self.value += value

    def __enter__(self):
        return self

    def __exit__(self, type, value, traceback):
        pass

    def __str__(self):
        return u"".join(self.value)

template = """
$content_for("header"):
    <p>Text header</p>

$#Then later in this or another template
$:content_for("header")
"""

with_template = web.template.Template(
    template,
    globals={
        "content_for": content_for,
        "locals": locals,
    })

# Uncomment the line below to see generated code
#print with_template.generate_code(template, "")

print with_template()
Contributor

aaronsw commented Nov 26, 2012

Can you give an example of how you use this?

w0rm commented Nov 26, 2012

For example, if page needs to include separate css and js and topbar submenu.

$def with(page)
$#layout.html
<html>
<head>
    <link href="/static/style.css" rel="stylesheet">
    $:content_for("head")
</head>
<body>
    <header>
        $:render.topbar()
    </header>
    <section>
        $:page
    </section>
</body>
</html>

#topbar.html
<header>
    <nav>
        <ul>
            <li><a href="#">link 1</a></li>
            <li><a href="#">link 2</a></li>
            $:content_for("topbar")
        </ul>
    </nav>
</header>


#page.html
<h1>Page title</h1>
<p>Paragraph of text.</p>
$content_for("head"):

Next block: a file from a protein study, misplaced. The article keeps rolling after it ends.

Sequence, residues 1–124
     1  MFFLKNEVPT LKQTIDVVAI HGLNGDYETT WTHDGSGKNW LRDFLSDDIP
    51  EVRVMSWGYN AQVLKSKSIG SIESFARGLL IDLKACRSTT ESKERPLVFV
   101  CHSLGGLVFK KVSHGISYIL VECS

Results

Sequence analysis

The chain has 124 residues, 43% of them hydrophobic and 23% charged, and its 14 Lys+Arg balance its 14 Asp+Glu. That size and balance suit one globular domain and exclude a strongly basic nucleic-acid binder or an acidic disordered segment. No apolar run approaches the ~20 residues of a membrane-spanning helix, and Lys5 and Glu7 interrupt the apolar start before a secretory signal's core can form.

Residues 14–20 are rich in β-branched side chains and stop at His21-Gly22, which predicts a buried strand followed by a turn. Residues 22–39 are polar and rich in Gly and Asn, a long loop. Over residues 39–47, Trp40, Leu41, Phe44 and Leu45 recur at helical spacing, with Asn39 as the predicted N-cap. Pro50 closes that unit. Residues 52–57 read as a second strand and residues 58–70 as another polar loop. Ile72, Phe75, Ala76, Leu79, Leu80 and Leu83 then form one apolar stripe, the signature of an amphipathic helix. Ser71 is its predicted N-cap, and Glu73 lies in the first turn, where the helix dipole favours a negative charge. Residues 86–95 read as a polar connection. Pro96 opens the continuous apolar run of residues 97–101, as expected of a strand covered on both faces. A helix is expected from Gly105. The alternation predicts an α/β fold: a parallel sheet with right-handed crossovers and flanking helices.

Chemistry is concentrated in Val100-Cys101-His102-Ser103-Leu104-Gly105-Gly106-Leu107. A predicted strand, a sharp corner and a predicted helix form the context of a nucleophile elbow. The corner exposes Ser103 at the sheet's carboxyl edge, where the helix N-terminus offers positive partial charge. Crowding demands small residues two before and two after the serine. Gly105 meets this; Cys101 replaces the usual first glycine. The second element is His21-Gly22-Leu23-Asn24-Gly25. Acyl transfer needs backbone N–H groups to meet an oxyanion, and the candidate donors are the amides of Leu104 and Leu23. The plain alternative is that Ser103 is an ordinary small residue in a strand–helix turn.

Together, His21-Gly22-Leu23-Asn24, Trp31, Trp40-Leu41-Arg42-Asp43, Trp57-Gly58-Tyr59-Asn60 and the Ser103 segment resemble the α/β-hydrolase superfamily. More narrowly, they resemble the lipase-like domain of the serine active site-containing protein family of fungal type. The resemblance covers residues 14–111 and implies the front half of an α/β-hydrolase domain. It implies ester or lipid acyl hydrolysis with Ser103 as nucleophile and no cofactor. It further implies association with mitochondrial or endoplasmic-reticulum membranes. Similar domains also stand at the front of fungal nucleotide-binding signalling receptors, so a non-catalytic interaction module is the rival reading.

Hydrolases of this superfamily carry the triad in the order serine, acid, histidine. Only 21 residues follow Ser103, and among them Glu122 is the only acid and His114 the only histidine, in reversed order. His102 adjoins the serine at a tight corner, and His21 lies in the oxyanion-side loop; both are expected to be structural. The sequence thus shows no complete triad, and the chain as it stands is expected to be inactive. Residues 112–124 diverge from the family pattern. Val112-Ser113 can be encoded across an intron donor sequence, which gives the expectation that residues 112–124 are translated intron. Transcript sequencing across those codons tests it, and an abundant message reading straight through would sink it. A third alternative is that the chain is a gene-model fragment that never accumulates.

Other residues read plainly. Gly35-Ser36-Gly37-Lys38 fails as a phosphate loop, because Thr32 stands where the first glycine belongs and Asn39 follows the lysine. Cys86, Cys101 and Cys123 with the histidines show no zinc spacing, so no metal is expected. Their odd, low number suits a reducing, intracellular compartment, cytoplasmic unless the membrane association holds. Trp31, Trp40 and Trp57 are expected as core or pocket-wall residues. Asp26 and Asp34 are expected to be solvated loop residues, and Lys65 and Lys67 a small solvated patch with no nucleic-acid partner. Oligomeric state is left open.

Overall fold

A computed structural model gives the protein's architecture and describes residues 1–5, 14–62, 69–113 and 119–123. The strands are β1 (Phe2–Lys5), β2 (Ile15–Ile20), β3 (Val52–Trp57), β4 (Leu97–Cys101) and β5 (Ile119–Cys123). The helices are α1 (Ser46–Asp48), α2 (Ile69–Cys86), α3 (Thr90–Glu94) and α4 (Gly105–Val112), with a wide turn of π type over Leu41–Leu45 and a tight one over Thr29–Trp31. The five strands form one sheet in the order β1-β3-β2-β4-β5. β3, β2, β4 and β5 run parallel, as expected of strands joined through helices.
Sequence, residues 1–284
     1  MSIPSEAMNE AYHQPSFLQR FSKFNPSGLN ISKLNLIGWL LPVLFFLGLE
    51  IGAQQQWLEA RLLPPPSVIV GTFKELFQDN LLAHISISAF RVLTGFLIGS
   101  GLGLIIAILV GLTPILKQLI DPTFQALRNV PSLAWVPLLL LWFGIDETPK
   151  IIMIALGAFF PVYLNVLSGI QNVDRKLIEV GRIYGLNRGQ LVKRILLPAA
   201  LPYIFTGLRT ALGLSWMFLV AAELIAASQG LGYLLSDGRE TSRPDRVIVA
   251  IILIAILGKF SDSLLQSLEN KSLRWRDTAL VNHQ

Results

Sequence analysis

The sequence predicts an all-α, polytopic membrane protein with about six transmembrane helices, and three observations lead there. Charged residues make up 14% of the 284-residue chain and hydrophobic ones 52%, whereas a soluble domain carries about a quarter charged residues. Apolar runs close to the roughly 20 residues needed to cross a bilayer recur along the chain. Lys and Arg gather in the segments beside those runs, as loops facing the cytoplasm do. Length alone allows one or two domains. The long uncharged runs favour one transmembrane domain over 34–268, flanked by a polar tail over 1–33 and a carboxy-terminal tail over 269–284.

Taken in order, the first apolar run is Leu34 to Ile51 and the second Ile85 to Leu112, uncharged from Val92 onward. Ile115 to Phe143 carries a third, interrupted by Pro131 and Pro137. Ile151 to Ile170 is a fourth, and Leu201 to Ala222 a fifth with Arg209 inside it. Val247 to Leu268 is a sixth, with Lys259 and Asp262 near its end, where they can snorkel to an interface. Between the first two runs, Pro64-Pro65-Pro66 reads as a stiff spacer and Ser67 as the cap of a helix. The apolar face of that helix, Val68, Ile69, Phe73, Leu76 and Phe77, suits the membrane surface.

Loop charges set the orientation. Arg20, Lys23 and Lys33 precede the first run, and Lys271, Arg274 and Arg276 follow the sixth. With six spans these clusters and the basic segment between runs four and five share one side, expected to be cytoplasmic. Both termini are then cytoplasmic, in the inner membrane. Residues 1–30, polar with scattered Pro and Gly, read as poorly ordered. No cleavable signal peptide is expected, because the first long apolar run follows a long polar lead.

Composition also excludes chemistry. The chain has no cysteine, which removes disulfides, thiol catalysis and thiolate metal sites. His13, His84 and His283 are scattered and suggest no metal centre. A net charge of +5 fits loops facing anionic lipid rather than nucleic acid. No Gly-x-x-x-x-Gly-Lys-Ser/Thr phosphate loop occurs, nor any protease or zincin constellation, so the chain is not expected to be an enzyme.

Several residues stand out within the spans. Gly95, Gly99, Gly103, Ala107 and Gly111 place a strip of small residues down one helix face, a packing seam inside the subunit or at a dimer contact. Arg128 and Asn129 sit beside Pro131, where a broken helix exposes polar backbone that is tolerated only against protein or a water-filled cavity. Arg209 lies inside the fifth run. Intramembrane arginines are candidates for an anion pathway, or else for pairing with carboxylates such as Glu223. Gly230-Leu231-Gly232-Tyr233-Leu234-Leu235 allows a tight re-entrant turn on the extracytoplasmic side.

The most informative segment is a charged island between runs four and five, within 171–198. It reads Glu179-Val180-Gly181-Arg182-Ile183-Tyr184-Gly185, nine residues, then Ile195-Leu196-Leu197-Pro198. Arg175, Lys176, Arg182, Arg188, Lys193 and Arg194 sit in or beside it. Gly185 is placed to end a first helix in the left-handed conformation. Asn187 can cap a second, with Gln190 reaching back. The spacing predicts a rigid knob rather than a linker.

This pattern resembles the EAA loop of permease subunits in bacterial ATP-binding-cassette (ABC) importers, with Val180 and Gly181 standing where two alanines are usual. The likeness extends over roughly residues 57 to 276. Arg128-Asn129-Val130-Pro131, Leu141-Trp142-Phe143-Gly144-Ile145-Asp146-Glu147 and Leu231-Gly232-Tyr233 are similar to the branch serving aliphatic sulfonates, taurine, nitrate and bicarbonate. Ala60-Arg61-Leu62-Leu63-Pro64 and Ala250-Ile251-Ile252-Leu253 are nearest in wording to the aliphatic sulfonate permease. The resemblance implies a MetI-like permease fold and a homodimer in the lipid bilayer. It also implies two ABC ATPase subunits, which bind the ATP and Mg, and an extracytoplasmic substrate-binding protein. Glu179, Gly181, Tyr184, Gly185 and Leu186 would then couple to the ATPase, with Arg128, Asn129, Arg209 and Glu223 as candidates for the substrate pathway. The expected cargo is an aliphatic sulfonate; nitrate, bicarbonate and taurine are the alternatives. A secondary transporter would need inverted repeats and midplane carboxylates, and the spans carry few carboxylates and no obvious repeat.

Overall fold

<link href="/static/custom.css" rel="stylesheet">
    <script src="/static/custom.js"></script>
$content_for("topbar"):
    <li>
        <span>page submenu</span>
        <ul>
            <li><a href="#">Item #1</a></li>
            <li><a href="#">Item #2</a></li>
        </ul>
    </li>
Contributor

aaronsw commented Nov 26, 2012

See, I'd just do this as:

layout.html

$def with (page)

$:page.head $:render.topbar(page) $:page

topbar.html

$def with (page)
$:page.topbar

page.html

$var head: ...
$var topbar: ...

Or am I missing something?

w0rm commented Nov 26, 2012

This is what I was doing before. But $var statement is a one liner, means you either have to render its value from subtemplate or define separate function in page.html. $content_for is more convenient to use and also more flexible.

It also appends content for the specified name, means for example if page.html had sub-templates of gallery and a map, they could specify their own js and css files.

This is not my idea, it is borrowed from rails http://api.rubyonrails.org/classes/ActionView/Helpers/CaptureHelper.html#method-i-content_for

Contributor

aaronsw commented Nov 26, 2012

I'm pretty sure you can use multiple-line $var statements. The append is a
real difference, but I'm not sure it's worth confusing the control flow
like this.

w0rm commented Nov 26, 2012

Oh, it is possible to have a $var that captures output from multiline block. I didn't know that.

import web
template = """
$var header:
    <p>Header text line 1</p>
    <p>Header text line 2</p>
<p>Other text</p>
"""
page = web.template.Template(template)
print page().header

It really works, thanks. Then I agree with you, content_for feature is not needed in web.py code.

@w0rm w0rm closed this Nov 26, 2012